HONG KONG—Japanese stocks rallied on a weaker yen but other Asian markets retreated Monday after Federal Reserve chief Janet Yellen hinted at a US interest rate rise by the end of the year.
In a much-anticipated speech Friday Yellen said a pick-up in the world’s top economy and an improvement in the jobs market meant “the case for an increase in the federal funds rate has strengthened in recent months.”
Yellen did not give a timeframe during her speech at the annual Jackson Hole symposium of global central bankers, but Fed vice chairman Stanley Fischer later said September was a possibility.
“After a week of guessing, Dr. Yellen left little to the imagination when she stated that the case for a Fed rate hike had strengthened, but remains very much data-dependent,” Stephen Innes, senior trader at OANDA, said in a note.
“Given the proximity of the granddaddy of all Fed data, the non-farm payroll, it is without question that this week’s print will take on more importance than usual.”
The labor department is due to release jobs figures on Friday.
Expectations for a rate rise sent the dollar soaring in New York, and it extended its gains on Monday.
It bought 102.30 yen, up from 101.77 yen in US trade and well up from the 100.45 yen in Asia earlier Friday, while the euro was down more than a cent at $1.1192.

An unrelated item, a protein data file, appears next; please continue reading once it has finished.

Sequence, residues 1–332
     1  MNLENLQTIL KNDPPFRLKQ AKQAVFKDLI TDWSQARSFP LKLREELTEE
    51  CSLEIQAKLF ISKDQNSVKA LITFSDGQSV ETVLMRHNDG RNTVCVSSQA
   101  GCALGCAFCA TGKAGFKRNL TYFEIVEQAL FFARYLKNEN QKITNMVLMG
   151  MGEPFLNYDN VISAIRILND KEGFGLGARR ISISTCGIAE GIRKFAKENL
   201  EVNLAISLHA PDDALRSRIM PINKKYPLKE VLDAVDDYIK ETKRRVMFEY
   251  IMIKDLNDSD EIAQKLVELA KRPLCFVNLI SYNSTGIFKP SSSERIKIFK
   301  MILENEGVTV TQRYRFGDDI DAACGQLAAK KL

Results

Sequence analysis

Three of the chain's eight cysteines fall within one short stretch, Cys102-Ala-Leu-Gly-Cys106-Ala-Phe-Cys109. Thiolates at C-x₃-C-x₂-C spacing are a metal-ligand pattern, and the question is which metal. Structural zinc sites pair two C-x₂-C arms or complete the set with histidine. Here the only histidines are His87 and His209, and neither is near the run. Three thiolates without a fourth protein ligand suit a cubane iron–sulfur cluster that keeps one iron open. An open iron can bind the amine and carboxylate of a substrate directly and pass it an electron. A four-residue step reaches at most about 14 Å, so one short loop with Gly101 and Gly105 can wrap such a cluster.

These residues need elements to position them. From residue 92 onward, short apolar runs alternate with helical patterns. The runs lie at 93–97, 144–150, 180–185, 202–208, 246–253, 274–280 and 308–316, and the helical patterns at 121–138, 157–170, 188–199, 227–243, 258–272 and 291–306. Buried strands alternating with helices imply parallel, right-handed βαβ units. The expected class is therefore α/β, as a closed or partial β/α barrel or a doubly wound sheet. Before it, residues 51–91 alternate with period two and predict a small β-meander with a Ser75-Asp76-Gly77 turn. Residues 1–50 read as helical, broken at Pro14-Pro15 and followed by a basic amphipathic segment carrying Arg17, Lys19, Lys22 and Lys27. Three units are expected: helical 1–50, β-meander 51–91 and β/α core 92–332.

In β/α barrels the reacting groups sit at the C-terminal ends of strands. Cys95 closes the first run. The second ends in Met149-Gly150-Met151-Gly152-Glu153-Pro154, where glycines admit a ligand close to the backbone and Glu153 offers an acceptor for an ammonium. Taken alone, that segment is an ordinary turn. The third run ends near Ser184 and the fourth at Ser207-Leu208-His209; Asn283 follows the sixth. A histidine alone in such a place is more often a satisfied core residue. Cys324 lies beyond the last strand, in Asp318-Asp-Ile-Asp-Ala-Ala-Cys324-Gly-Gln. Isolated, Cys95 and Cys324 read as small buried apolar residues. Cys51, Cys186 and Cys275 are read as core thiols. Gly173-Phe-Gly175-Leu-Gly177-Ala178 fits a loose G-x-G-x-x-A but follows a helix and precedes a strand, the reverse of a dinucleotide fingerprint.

Higher-yielding, or riskier, currencies were also hit, with South Korea’s won losing one percent and the Indonesian rupiah off 0.5 percent, while Malaysia’s ringgit shed 0.7 percent.
“Much will depend on the US non-farm payroll data,” said Richard Jerram, chief economist at Bank of Singapore.
“A soft number would be no surprise after two unusually strong months, which would put paid to the chance of a move in September. We think that a move in December is more likely, followed by two or three hikes next year.”
The weaker yen boosted Japan’s exporters, sending the Nikkei stock index 2.3 percent higher at the close.
But while the greenback and Japanese traders took heart from the comments, other regional markets turned negative on the prospect of a rise in borrowing costs.
Shares in Hong Kong, where monetary policy is linked to that of the United States, fell 0.4 percent, while Sydney closed 0.8 percent lower and Seoul eased 0.3 percent. Singapore was 0.8 percent lower in late trade, while Shanghai finished marginally lower.
In early European trade Frankfurt lost 0.2 percent and Paris was 0.4 percent off. London was closed for a holiday.
The stronger dollar also weighed on oil prices as it makes the commodity more expensive for those using weaker currencies.
West Texas Intermediate fell 1.5 percent to $46.92 and Brent shed 1.4 percent to $49.24.
Analysts said prices were also depressed by worries over the outcome of a meeting next month between Opec and Russia aimed at addressing a global supply glut.